Make and model: Schwalbe Tyre Levers
Size tested: One Size
Tell us what the product is for and who it's aimed at. What do the manufacturers say about it? How does that compare to your own feelings about it?
They're for removing and fitting tyres, and small enough that they can be carried easily.
Schwalbe says: "Makes changing tires a snap. The new shape and surface of the tire lever makes the assembly and disassembly of a tire more enjoyable. For both tires and hands too!
"The new tire levers are especially helpful in difficult assembly operations. Clip it onto the rim, to fix the already mounted section of the tire, and it won't slide out when the last section is levered onto the rim."
Tell us some more about the technical aspects of the product?
The unique feature here is a clip in the lever body to hold in place the section of tyre that you've already lifted over the rim wall. The idea is that keeps the tyre in place while you lever the last section into position.
Schwalbe's not saying much about the materials – the plastic feels like nylon and it's almost certainly internally reinforced.
At just 37g for three they're not going to slow you down any.
Fairly broad blades so they don't dig into your hands.
Tell us how the product performed overall when used for its designed purpose
They work really well for both removing and fitting tyres.
Tell us what you particularly liked about the product
They're just very effective and easy to use; the hook to help fit tyres is the icing on the cake.
Tell us what you particularly disliked about the product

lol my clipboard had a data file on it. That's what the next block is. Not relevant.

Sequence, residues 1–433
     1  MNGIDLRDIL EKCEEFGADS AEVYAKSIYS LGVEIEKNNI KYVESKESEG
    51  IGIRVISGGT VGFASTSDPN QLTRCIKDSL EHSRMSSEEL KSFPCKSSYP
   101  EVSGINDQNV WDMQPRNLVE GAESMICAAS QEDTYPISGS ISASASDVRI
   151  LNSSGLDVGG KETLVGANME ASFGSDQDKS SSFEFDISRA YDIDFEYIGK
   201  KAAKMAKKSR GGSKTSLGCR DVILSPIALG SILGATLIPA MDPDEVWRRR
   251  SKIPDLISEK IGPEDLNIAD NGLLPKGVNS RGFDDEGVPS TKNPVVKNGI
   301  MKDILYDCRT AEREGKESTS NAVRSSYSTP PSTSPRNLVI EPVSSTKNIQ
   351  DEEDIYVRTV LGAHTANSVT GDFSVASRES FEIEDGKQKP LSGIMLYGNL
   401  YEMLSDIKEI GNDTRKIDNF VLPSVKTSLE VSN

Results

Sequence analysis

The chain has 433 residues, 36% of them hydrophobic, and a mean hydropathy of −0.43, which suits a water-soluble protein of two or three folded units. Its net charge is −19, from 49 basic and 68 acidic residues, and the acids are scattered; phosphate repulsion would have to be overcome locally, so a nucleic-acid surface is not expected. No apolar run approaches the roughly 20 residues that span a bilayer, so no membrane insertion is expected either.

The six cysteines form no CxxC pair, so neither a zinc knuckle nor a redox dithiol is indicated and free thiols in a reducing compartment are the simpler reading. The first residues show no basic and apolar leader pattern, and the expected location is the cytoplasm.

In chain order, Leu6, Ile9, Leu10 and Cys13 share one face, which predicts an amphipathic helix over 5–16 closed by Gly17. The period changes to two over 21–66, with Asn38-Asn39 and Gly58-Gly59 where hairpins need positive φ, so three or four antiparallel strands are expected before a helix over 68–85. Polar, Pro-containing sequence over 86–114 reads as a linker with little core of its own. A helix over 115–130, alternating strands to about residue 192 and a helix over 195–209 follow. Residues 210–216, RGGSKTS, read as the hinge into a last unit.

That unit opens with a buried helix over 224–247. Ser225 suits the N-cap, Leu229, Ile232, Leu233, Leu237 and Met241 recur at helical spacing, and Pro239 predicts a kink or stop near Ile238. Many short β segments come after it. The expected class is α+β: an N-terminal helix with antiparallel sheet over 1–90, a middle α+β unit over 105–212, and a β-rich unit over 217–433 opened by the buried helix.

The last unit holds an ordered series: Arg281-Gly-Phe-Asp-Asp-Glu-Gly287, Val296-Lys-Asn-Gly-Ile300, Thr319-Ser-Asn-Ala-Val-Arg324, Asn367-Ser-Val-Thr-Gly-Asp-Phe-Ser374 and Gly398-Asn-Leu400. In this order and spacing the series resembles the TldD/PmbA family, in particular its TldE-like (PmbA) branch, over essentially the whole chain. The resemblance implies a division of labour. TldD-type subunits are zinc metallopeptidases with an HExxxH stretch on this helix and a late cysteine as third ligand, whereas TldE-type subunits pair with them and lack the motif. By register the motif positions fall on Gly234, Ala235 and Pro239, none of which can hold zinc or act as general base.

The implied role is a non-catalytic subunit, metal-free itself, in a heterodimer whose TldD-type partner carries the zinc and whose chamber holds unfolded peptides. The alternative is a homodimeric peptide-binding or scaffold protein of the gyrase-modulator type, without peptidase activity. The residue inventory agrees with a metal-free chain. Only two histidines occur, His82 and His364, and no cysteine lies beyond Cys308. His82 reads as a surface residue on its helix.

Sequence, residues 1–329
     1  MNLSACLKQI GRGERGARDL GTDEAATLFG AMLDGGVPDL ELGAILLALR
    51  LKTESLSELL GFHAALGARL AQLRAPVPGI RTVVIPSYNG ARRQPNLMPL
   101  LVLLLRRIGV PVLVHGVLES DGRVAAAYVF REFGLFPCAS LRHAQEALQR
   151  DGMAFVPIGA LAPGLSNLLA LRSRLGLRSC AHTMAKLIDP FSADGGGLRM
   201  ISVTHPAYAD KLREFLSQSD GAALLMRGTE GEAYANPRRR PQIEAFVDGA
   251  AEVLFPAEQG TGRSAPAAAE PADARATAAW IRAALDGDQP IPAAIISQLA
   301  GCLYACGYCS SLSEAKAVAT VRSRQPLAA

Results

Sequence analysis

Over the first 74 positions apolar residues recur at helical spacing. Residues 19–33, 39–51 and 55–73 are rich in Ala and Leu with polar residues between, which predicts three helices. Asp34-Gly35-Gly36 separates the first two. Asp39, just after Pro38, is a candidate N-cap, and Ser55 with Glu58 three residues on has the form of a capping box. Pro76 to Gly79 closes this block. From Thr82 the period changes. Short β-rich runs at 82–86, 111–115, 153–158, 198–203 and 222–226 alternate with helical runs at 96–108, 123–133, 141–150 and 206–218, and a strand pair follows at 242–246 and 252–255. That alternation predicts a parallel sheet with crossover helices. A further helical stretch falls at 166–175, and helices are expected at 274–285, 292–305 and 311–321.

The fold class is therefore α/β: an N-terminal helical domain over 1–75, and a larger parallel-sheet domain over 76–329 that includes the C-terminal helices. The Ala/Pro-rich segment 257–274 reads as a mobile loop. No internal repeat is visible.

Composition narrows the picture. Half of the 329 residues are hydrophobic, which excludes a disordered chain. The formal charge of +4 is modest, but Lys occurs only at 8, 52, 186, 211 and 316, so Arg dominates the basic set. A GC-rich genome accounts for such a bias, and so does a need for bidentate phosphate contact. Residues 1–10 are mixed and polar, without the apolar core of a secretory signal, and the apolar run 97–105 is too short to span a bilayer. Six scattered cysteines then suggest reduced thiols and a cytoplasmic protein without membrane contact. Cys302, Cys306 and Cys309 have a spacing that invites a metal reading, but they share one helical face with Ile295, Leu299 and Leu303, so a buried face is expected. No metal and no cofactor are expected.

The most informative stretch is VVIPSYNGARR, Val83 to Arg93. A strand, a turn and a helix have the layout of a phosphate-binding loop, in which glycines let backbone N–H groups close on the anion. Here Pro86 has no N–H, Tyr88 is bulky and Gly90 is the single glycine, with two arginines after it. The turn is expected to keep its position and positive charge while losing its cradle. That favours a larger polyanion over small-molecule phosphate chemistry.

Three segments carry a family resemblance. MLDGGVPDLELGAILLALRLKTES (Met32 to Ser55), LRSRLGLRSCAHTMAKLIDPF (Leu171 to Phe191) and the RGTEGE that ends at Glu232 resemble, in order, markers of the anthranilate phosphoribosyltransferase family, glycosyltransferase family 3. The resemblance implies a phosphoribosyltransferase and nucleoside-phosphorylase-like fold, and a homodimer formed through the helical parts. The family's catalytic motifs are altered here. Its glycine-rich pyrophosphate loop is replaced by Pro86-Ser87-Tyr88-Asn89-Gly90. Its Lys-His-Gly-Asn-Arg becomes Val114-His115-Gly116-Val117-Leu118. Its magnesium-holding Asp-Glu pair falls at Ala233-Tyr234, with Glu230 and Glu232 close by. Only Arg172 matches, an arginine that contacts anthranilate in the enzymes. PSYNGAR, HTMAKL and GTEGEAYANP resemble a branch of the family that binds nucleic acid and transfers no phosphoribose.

How does the price compare to that of similar products in the market, including ones recently tested on road.cc?
You can pay anything from £2 to £32 for tyre levers (or even £58 for Silca's levers with a built-in CO2 regulator) but a fiver for three levers is right in the mainstream of normal tyre levers like Pedro's for £5.99, Muc-Off Rim Stix, £5.49, or Topeak Shuttle Levers, £8.99; even Lezyne's beefy Power Lever XLs are only £6.
Did you enjoy using the product? Yes. I mean, insofar as anyone *enjoys* using a tyre lever.
Would you consider buying the product? I did.
Would you recommend the product to a friend? Yes
Use this box to explain your overall score
There's really nothing to fault here. The Schwalbe tyre levers work extremely well and bring some useful extra functionality to mounting tyres as well as being very good at removing them. The £5 rrp is very reasonable and they can be found for just three quid a set, which makes them an absolute bargain.
About the tester
I usually ride: Scapin Style My best bike is:
I've been riding for: Over 20 years I ride: Most days I would class myself as: Expert
I regularly do the following types of riding: commuting, touring, club rides, general fitness riding, mtb,
John has been writing about bikes and cycling for over 30 years since discovering that people were mug enough to pay him for it rather than expecting him to do an honest day's work.
He was heavily involved in the mountain bike boom of the late 1980s as a racer, team manager and race promoter, and that led to writing for Mountain Biking UK magazine shortly after its inception. He got the gig by phoning up the editor and telling him the magazine was rubbish and he could do better. Rather than telling him to get lost, MBUK editor Tym Manley called John’s bluff and the rest is history.
Since then he has worked on MTB Pro magazine and was editor of Maximum Mountain Bike and Australian Mountain Bike magazines, before switching to the web in 2000 to work for CyclingNews.com. Along with road.cc founder Tony Farrelly, John was on the launch team for BikeRadar.com and subsequently became editor in chief of Future Publishing’s group of cycling magazines and websites, including Cycling Plus, MBUK, What Mountain Bike and Procycling.
John has also written for Cyclist magazine, edited the BikeMagic website and was founding editor of TotalWomensCycling.com before handing over to someone far more representative of the site's main audience.
He joined road.cc in 2013. He lives in Cambridge where the lack of hills is more than made up for by the headwinds.